WorldTech International performed an open-source technology intelligence study and assessment on tunnel detection technologies and techniques. The goal was to collect open source information on innovative methods and approaches, and assess the state-of-the-art, for underground tunnel detection. The focus of the effort was on new innovative methods/technologies that were being tested or could be applied to tunnel detection, but not to exclude standard/operational methods.
The investigation identified 60 concepts for tunnel detection. These concepts were derived from 25 separate application areas/sectors including basic geophysical/geological techniques, remote sensing, intelligence gathering, animal behavior, and botany, to name a few. The information collected was analyzed using advanced analytical tools and by subject matter experts (SMEs), who reviewed and ranked the information with respect to seven technical, two programmatic, and two strategic criteria determined in cooperation with DHS representatives. SMEs involved in the assessment included a physicist (expert in advanced technology and systems engineering), a geophysicist (expert in advanced geophysical sensing systems), a geologist (expert in geological exploration and remote sensing observational systems); a civil engineer (expert in rock mechanics and underground sensing techniques); and a geophysicist (expert in geo-electric surveys, acoustics, electromagnetic, and seismic methods).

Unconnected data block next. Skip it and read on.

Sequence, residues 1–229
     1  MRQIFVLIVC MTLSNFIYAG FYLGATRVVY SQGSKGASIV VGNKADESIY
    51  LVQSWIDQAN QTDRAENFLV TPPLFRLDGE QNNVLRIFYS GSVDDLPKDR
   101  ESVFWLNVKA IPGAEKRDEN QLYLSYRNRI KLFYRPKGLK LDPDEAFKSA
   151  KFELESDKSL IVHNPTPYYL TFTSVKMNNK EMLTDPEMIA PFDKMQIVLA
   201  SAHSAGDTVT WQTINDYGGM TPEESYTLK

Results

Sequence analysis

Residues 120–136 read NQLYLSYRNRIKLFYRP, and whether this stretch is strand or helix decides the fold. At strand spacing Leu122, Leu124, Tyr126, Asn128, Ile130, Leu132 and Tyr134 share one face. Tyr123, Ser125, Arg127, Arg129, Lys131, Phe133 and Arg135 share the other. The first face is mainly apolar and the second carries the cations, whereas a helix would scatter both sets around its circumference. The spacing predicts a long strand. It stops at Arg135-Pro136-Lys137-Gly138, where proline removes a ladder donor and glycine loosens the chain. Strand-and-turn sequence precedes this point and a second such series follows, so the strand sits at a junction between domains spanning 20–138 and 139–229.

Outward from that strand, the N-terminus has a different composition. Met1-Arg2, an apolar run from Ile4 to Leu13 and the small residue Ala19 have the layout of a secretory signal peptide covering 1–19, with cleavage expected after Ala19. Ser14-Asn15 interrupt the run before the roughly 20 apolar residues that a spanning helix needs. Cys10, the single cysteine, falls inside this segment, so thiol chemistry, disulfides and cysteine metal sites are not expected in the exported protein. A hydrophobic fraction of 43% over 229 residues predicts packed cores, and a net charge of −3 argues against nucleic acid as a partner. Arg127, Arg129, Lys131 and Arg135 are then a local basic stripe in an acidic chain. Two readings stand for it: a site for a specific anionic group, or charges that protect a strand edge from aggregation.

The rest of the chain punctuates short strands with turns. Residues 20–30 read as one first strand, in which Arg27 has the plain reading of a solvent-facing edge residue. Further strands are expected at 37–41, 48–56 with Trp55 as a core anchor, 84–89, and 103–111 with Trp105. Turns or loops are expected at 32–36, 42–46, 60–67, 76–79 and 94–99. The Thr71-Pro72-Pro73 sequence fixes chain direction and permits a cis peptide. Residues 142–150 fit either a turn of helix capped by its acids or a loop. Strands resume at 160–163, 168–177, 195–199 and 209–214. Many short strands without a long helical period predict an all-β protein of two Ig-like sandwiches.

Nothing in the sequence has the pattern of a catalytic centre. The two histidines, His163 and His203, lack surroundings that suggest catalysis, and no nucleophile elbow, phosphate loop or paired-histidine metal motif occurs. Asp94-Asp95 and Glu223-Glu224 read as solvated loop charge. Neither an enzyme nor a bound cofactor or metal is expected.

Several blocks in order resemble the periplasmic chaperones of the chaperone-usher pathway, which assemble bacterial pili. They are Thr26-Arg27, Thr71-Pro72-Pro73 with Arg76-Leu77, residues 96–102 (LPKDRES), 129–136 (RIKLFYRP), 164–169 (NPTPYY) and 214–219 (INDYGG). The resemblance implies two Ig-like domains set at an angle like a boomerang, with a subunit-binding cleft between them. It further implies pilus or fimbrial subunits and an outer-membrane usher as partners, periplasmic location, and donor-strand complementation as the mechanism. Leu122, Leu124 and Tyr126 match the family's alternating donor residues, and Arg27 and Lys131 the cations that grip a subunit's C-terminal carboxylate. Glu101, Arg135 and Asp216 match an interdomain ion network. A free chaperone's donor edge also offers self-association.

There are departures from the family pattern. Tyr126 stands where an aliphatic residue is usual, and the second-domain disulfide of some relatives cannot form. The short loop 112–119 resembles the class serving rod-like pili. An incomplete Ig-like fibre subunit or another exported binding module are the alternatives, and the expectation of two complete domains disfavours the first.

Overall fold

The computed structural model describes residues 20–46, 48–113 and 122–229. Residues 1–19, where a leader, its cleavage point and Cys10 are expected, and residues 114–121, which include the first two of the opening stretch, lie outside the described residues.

Results of the study suggest that while no single, undisputable solution was identified, a number of technical approaches were highlighted as holding promise to advance tunnel detection capabilities. These approaches require further study and testing to be capable of routine tunnel detection. The results further illustrate that standard/remote geophysical methods to localize features below the surface (e.g., voids and tunnels) appear to be favored (in research and application). Such methods are improving incrementally, as well as benefitting from integration (i.e., being used in multi-modal systems). Additionally, remote sensing approaches for wide-area coverage (e.g., surface characterization, geologic and geodetic mapping) appear to be gaining in interest. From the data gathered and analyzed, however, as well as from the discussions and review of SMEs, there appears to be no (unclassified) concerted efforts, and little latent interest, to research and/or apply unconventional (“soft science” and/or intelligence) even though such methods may hold great promise for the identification of tunnel locations via indirect evidence surrounding access and entry points (such as patterns of people, vehicles, things, and/or physical/chemical evidence).
A holistic, end-to-end program addressing the boarder tunnels from their conception to their use, involving all aspects of socio-cultural-economic intelligence to geophysical/geological/ geodetic exploration would be highly desirable.